Thursday, May 27, 2010
Death By the Book by Lenny Bartulin
Title: Death By the Book
Author: Lenny Bartulin
ISBN: 9780312559724, Minotaur Books, 2010
Genre: Amateur Sleuth, #1 Jack Susko mystery
Source: Purchased at The Poisoned Pen.
First Line: It was perfectly clear to him now, dangling in the wet tussock cleavage of a broad hill that slid towards the headland cliffs.
Used book dealer Jack Susko thinks it's his lucky day: wealthy businessman Hammond Kasprowicz has offered him $50 for every copy he can locate of the works of little-known poet, Edward Kass. Jack needs the money, so he tries to keep a firm rein on his curiosity, although his libido certainly isn't held in check when Kasprowicz's daughter, Annabelle, walks onstage. Then dead bodies start cropping up.
I have to admit to being disappointed in this book. The action occurs in Sydney, Australia, but you'd never know it. It makes me wonder if the book was given the Strip Mall Treatment for American readers. You know... the Americans who won't be caught dead reading about someone who actually has the gall to live in another country? One of the reasons why I read books set in other countries is for the local ambiance. I want a real sense of place of which this book has none. The Aussie friends I have would never live in such a bland place.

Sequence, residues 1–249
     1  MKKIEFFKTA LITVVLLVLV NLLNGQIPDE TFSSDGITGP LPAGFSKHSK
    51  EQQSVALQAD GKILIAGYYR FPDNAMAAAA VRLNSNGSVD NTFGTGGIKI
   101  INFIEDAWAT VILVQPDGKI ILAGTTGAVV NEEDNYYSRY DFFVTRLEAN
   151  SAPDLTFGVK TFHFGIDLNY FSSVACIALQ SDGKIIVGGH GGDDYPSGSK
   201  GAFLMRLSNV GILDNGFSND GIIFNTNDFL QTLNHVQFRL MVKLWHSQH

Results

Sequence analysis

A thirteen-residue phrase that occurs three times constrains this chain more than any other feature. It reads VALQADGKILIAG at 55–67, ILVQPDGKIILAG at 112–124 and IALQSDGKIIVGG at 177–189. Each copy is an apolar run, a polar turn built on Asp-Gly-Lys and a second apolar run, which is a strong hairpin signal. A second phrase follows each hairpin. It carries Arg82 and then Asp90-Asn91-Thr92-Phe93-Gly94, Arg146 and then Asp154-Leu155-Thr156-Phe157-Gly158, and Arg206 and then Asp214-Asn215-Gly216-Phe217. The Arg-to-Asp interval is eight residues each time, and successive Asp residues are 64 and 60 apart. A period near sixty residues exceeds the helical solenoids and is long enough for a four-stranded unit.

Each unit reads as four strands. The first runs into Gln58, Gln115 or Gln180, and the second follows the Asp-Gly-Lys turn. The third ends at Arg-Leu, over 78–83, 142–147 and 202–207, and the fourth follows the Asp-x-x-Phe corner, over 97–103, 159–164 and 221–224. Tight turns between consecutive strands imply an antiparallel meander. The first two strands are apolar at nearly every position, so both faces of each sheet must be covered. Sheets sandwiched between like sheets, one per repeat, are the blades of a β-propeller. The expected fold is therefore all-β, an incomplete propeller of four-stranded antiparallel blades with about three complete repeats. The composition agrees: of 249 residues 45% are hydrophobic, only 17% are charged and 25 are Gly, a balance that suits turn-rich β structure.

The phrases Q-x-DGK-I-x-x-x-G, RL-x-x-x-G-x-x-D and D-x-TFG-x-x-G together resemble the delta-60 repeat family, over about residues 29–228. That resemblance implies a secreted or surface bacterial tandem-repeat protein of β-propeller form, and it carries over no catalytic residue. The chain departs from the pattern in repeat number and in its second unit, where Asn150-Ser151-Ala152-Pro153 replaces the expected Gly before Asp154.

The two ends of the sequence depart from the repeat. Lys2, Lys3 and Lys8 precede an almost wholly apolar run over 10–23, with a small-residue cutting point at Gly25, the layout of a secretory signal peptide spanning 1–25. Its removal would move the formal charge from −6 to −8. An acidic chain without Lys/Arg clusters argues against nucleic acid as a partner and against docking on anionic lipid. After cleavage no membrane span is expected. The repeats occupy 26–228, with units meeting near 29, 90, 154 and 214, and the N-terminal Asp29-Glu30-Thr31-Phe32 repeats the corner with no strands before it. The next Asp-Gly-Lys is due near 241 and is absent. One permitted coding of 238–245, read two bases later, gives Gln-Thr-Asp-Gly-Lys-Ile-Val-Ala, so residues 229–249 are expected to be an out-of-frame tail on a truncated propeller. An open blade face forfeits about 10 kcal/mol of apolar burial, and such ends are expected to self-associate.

Bartulin has a wonderful way with language, but it wasn't enough to carry the book above average for me. What was the biggest letdown? Jack Susko was a private eye in disguise, complete with snappy comebacks and the drop-dead gorgeous dame who stalks into his office and steals his heart-- and naturally Jack falls for every word that falls from her pouty lips, the idiot.
With a standard P.I. plot, there were no surprises for me in Death By the Book. I picked the book up expecting something more along the lines of John Dunning's bookseller, Cliff Janeway. What I got was well-written Gumshoe. Too bad I'm not a fan.